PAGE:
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One of the real pleasures of spinning is knitting with your own handspun yarn. I haven’t yet gotten to the point where I can consistently spin to my own project requirements, but my handspun is more and more usable. My latest handspun project gives me a little thrill every time I see it because it is just.so.cute:
Pattern: Djevellue/sweet baby cap (it’s free! and so simple!) I knit the two-year-old size. I started knitting on 3 January and finished 7 January.
Yarn: My own handspun, BFL handpainted by Jeni from Fyberspates. I spun it using the 5.5:1 ratio on my Ashford Traditional and two-plied it at the same ratio. It’s about 14 wraps per inch. I got 260 metres from 106 grams.
Needles: 2.5 and 3 mm needles, Knitpicks and Addis respectively (I like them both equally, but will not contemplate knitting with anything else. It’s a shame really, because I’ve inherited a large collection of assorted aluminium needles that I just can’t use).
Unfortunately, I can’t say the same thing about this week’s knit. I decided to try knitting the Three-Cornered Hat, one of the May projects from Elizabeth Zimmermann’s Knitters Almanac. I didn’t have any bulky yarn like the pattern calls for, so I decided to recalculate the stitch count for a worsted-weight yarn (the leftovers from my February Lady Sweater). Either my gauge math or my measurements (or both!) must have been wrong, because about halfway through the top decreases I could no longer ignore that nagging little voice at the back of my mind asking if this hat didn’t seem just a tad… big?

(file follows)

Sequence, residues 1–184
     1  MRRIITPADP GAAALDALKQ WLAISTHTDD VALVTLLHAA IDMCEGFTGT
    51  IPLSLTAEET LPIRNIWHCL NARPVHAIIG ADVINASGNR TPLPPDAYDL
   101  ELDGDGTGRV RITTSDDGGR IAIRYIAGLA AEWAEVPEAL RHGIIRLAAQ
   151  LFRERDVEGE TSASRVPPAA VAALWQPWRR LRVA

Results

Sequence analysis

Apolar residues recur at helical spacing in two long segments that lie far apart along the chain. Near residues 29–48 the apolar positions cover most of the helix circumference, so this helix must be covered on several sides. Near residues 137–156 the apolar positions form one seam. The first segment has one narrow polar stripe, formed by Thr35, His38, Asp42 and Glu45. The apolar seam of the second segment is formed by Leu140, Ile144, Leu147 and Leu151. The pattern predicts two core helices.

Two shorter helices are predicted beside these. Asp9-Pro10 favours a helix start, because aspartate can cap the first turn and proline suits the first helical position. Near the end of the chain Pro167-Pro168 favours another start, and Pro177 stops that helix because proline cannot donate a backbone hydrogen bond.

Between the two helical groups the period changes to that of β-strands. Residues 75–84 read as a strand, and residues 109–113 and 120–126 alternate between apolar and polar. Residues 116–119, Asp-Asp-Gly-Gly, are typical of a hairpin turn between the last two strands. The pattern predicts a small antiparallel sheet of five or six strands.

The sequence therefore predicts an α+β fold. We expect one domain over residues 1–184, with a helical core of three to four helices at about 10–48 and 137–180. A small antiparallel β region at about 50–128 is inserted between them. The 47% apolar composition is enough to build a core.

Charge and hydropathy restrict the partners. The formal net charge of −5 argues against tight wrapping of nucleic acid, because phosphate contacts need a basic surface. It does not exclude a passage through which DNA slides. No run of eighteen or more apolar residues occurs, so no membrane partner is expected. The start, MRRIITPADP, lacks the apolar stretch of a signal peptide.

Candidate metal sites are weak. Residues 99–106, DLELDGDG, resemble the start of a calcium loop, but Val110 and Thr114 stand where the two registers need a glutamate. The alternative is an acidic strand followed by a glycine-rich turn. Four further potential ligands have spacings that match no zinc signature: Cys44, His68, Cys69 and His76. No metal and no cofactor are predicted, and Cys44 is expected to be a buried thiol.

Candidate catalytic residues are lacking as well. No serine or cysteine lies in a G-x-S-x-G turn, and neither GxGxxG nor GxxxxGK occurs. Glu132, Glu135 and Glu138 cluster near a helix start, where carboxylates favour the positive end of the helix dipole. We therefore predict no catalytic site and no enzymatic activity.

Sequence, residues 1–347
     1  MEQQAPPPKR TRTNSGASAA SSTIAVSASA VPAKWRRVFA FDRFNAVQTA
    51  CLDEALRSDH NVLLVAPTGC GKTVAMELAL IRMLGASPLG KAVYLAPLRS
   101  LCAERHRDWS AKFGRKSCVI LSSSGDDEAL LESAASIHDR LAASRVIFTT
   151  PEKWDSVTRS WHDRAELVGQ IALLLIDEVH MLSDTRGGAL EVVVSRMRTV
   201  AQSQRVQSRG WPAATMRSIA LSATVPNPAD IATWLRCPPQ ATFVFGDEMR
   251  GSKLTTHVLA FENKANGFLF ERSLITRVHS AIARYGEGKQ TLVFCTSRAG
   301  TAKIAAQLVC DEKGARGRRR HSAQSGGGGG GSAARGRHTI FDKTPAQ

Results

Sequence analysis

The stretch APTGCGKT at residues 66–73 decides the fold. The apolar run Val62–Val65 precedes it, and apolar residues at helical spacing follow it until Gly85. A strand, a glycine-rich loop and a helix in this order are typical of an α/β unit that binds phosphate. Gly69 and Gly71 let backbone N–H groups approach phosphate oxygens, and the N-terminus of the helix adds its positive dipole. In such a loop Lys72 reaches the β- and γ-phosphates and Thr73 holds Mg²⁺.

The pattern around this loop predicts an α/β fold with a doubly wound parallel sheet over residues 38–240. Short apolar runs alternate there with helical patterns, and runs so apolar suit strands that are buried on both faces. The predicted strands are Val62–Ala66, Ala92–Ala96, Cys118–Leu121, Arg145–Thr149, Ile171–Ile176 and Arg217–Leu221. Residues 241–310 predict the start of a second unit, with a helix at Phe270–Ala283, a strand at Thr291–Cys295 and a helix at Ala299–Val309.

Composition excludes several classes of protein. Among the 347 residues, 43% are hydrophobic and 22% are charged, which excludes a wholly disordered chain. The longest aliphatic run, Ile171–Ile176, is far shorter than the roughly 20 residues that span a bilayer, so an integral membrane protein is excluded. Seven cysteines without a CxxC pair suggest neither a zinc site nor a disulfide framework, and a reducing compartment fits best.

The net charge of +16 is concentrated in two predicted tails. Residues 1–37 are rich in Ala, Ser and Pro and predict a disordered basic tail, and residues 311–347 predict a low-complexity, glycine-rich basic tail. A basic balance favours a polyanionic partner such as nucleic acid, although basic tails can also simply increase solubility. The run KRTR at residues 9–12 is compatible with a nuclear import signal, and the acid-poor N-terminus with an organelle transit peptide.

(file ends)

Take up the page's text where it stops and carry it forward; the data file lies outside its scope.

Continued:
What annoys me the most is that with the worsted-weight yarn and the ridiculously inflated stitch count, there is actually quite a bit of knitting in that knitting disaster. I’ve ripped in disgust and am contemplating casting on for a lace beret.
My current spinning project is 500 grams of Bluefaced Leicester in “Humbug” – a blend of the three natural colours white, oatmeal and brown. I’m planning to make a fingering-weight two-ply yarn and knit it into a shawl, preferably a Faroese. I thought it would be fun to document the process I use, and maybe it will be useful to some beginning drop spindler. Here is a slideshow which shows all the steps in my spinning process for this yarn (click on the “i” for comments to each picture).